Create an alias record to the load balancer for domains that are hosted within Amazon Route 53 and within the same AWS account. If you're using another DNS provider or host your domains in a different account, you will need to manually create this record.

fargate lb info
fargate lb info <load-balancer-name>

Inspect load balancer

Returns extended information about a load balancer including a list of listeners, rules, and certificates in use by the load balancer.

Certificates

Certificates are TLS certificates issued by or imported into AWS Certificate Manager for use in securing traffic between load balancers and end users. ACM provides TLS certificates free of charge for use within AWS resources.

fargate certificate list
fargate certificate list

List certificates

fargate certificate import
fargate certificate import <domain-name> --certificate <filename> --key <filename> [--chain <filename>]

Import a certificate

Upload a certificate from a certificate file, a private key file, and optionally an intermediate certificate chain file. The files must be PEM-encoded and the private key must not be encrypted or protected by a passphrase. See the AWS Certificate Manager documentation for more details.

fargate certificate request
fargate certificate request <domain-name> [--alias <domain-name>]

Request a certificate

Certificates can be for a fully qualified domain name (e.g. www.example.com) or a wildcard domain name (e.g. *.example.com). You can add aliases to a certificate by specifying additional domain names via the --alias flag. To add multiple aliases, pass --alias multiple times. By default, AWS Certificate Manager has a limit of 10 domain names per certificate, but this limit can be raised by AWS support.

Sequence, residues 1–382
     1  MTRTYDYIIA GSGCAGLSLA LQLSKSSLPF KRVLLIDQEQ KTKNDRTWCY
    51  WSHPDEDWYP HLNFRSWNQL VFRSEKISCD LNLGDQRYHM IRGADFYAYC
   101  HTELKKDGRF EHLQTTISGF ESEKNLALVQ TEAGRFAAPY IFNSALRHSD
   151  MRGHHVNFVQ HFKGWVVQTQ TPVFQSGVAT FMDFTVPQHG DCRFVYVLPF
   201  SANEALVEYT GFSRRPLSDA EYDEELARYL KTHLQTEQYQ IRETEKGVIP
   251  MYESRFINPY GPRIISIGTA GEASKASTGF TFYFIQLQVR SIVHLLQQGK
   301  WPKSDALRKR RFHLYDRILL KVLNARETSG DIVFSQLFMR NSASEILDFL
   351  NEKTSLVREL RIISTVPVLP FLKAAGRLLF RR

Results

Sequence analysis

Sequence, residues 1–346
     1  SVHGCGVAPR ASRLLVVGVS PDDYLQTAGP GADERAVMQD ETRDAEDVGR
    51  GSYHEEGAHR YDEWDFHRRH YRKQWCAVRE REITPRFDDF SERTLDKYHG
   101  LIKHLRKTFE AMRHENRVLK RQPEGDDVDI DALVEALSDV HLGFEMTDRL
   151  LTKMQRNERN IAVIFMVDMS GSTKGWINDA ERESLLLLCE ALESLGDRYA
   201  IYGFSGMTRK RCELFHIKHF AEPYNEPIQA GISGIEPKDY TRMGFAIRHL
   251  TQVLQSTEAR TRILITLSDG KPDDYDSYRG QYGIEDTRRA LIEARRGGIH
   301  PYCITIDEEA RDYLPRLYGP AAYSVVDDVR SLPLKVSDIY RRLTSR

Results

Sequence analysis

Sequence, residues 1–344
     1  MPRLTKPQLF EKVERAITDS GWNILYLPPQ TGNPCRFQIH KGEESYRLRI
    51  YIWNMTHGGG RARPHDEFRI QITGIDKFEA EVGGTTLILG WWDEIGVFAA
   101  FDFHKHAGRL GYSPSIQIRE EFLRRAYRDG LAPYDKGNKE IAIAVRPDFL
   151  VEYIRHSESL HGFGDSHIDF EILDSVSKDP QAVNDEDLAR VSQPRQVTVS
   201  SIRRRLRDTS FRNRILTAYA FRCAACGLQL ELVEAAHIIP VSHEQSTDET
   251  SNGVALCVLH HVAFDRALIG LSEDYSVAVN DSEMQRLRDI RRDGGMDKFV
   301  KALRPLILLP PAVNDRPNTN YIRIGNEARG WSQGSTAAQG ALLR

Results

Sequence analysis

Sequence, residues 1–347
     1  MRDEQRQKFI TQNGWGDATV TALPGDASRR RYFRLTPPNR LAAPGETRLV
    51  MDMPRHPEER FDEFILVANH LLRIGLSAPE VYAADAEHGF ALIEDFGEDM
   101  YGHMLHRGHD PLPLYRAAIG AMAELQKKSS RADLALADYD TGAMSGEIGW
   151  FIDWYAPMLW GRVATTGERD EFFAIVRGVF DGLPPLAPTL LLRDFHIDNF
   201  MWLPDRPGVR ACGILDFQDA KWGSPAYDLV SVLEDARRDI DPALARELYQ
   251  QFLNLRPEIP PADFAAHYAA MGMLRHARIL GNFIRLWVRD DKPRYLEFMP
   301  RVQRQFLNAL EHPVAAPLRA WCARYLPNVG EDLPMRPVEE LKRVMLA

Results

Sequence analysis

fargate certificate info
fargate certificate info <domain-name>

Inspect certificate

Show extended information for a certificate. Includes each validation for the certificate which shows DNS records which must be created to validate domain ownership.

fargate certificate validate
fargate certificate validate <domain-name>

Validate certificate ownership

fargate will automatically create DNS validation record to verify ownership for any domain names that are hosted within Amazon Route 53. If your certificate has aliases, a validation record will be attempted per alias. Any records whose domains are hosted in other DNS hosting providers or in other DNS accounts and cannot be automatically validated will have the necessary records output. These records are also available in fargate certificate info \<domain-name>.

AWS Certificate Manager may take up to several hours after the DNS records are created to complete validation and issue the certificate.

fargate certificate destroy
fargate certificate destroy <domain-name>

Destroy certificate

In order to destroy a certificate, it must not be in use by any load balancers or any other AWS resources.